Aqualung is one of the latest critical darlings to cross the pond from the UK. It is actually an alias for Matt Hales, a London-based and classically trained musician. Why he would choose a name that’s synonymous in the music world with Jethro Tull is beyond me. My own dumbfoundedness over his chosen artist name aside, this is an okay record with a great song. That song is Brighter Than Sunshine, an incredibly beautiful pop masterpiece that I absolutely love. It’s got a good hook, piano and some strings that sound like they’re from an ELO album like Eldorado or Out of the Blue. In fact, this song has some elements of Jeff Lynne production. Unfortunately, it’s the most upbeat and hooky song on the record. In fact, the best way I can describe the rest of the record is Keane on sedatives. It’s very mellow. It’s beautiful at times, with piano and wispy vocals, but the beauty is lost to me because of the depressingly slow and mellow song arrangements. It sounds a lot like Keane, just slower, so I end up just wanting to listen to Keane instead.
Moby – Hotel (V2)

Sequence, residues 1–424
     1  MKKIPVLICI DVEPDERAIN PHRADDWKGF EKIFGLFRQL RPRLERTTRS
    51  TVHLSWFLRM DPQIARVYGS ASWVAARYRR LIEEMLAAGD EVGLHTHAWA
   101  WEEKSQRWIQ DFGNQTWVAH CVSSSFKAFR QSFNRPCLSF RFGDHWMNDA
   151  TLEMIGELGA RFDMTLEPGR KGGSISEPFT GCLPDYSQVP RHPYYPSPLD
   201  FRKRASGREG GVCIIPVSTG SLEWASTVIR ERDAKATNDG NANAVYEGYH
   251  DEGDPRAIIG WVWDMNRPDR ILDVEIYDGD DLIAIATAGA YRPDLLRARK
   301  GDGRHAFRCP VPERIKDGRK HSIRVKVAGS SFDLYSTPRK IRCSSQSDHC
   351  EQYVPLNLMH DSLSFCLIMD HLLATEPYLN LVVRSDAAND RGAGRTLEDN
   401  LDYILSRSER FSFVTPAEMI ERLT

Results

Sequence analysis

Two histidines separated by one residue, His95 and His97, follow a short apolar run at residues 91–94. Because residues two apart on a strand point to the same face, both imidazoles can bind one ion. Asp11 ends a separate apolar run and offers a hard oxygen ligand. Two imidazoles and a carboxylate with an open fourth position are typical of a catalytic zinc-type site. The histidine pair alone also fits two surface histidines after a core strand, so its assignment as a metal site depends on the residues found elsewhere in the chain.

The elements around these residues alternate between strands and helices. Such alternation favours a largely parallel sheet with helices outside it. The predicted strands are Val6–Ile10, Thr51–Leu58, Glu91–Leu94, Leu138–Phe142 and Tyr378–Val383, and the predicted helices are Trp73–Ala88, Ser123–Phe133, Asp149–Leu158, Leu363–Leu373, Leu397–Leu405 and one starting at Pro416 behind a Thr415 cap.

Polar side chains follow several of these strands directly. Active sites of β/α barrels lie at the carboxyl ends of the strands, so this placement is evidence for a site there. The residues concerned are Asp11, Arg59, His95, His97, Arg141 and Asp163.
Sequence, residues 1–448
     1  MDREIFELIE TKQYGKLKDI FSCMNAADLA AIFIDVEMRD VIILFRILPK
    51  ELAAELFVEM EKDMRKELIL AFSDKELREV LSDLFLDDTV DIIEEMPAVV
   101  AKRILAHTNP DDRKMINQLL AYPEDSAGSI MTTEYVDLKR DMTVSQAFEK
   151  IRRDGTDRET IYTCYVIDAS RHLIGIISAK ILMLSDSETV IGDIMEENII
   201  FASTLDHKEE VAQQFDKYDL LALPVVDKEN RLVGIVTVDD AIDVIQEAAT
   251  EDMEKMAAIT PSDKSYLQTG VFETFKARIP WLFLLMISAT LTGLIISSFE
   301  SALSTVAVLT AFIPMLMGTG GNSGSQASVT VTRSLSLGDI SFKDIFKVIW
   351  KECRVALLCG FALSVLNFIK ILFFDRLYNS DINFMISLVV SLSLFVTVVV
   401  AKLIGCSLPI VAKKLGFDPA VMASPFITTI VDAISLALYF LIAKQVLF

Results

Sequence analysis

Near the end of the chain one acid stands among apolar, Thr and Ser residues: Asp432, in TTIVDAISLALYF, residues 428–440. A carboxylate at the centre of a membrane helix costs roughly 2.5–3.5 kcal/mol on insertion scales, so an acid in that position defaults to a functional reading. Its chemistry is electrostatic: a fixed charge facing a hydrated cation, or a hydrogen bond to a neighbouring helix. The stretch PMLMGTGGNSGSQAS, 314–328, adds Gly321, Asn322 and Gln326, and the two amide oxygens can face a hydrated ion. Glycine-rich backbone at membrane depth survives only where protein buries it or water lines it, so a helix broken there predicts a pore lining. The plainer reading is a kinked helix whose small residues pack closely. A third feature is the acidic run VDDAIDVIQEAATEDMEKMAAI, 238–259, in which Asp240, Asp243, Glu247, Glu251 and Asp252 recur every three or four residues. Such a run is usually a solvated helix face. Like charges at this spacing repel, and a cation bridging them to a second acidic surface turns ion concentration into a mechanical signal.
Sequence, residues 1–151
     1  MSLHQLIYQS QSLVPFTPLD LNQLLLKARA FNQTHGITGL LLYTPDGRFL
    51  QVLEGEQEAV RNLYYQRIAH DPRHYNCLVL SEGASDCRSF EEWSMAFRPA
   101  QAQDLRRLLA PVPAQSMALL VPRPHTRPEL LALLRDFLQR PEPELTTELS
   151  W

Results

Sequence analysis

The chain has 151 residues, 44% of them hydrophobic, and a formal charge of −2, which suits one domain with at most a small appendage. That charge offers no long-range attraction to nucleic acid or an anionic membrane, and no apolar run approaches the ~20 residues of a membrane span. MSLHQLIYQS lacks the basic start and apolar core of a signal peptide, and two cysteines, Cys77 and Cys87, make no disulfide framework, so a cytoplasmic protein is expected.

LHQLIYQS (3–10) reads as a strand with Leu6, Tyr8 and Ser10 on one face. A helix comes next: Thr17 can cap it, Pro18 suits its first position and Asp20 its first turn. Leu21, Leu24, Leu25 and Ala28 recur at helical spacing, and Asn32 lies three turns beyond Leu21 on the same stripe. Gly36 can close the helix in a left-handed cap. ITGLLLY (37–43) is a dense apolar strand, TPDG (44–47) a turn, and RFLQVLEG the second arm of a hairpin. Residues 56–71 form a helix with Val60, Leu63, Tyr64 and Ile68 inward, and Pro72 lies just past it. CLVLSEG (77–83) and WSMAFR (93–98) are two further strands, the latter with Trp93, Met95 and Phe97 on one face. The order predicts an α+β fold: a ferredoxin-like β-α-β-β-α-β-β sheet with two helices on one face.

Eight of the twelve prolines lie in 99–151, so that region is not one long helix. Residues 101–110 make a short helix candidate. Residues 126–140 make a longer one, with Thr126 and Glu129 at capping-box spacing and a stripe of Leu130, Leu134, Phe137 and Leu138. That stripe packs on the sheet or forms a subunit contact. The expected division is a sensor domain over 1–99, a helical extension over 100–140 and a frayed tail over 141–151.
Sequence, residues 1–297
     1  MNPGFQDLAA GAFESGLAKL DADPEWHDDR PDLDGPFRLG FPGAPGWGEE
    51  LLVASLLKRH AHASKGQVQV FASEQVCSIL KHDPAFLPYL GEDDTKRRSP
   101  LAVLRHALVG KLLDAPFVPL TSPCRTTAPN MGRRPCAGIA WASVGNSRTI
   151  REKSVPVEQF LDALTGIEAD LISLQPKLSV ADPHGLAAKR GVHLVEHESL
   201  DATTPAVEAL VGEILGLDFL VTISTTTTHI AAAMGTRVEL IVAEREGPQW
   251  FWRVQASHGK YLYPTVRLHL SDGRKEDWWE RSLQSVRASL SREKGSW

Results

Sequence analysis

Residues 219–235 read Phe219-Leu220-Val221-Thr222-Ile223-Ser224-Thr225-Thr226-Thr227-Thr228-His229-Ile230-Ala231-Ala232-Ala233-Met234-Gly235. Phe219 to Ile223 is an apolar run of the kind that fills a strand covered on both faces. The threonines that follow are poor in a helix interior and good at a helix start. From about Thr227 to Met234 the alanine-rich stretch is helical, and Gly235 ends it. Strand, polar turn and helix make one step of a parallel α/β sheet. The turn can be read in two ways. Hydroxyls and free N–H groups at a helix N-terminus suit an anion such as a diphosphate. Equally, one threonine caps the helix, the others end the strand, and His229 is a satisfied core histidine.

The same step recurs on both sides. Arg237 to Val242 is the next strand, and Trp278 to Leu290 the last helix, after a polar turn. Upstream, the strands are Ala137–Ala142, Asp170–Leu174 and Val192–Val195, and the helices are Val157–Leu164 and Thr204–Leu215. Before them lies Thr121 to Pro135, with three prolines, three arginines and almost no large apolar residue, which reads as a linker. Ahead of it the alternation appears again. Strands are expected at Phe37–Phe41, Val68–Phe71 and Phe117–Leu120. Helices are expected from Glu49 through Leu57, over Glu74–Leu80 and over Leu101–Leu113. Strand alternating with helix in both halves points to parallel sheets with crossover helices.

I like Moby. He comes across as unassuming. I like him because he’s not a rock star. Most importantly, I like him because he’s got some great songs. Unfortunately, they’re spread out over a number of records. I think we’re all waiting for him to put out that one great record that’s incredible from start to finish. Some thought it was Play, and while that was a big hit, there were 4 great tracks and the rest were just okay. Then came the underachiever called 18. It had one good song. A real disappointment, it seemed like he phoned in Play part two. Now, he’s back with Hotel, a two-disc set that could be his best effort. Unfortunately, it’s not all good. Like Play, there are 4 great tracks. I will even say that two them are easily the best he’s ever done. As an album it just doesn’t hold up. There’s a guest female vocalist on a couple of tracks that sounds way out of place and much of it is just so average…maybe too unassuming. Hotel is another example of either bad, or no A&R direction. There are way too many songs. This should have been a 10 song CD. The saving grace is the song Raining Again. It’s become a favorite of mine already and it’s easily his best. A close second is the first single, Beautiful. If you take these two tracks, a couple of others here, 4 from Play and the We're All Made of Stars single from 18 you’d have an amazing record. But I, like many enjoy the album-as-a-whole concept. Some of these Moby tracks are great for compilations, but we need a whole album of brilliance from this talented artist. The second disc here is nice mellow ambient music. Good stuff if you like that sort of thing.